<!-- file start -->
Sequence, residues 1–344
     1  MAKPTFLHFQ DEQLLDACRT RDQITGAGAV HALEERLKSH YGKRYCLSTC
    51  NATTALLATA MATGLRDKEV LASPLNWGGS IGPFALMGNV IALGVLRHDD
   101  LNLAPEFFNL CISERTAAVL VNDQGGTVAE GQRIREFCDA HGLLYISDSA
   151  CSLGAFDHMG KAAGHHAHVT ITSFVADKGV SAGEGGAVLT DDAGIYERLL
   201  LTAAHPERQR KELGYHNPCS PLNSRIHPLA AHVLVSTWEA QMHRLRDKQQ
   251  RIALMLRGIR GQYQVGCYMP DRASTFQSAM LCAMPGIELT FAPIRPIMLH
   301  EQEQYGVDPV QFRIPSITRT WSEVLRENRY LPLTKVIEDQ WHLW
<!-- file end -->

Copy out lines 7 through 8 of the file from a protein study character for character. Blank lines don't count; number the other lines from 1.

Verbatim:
   251  RIALMLRGIR GQYQVGCYMP DRASTFQSAM LCAMPGIELT FAPIRPIMLH
   301  EQEQYGVDPV QFRIPSITRT WSEVLRENRY LPLTKVIEDQ WHLW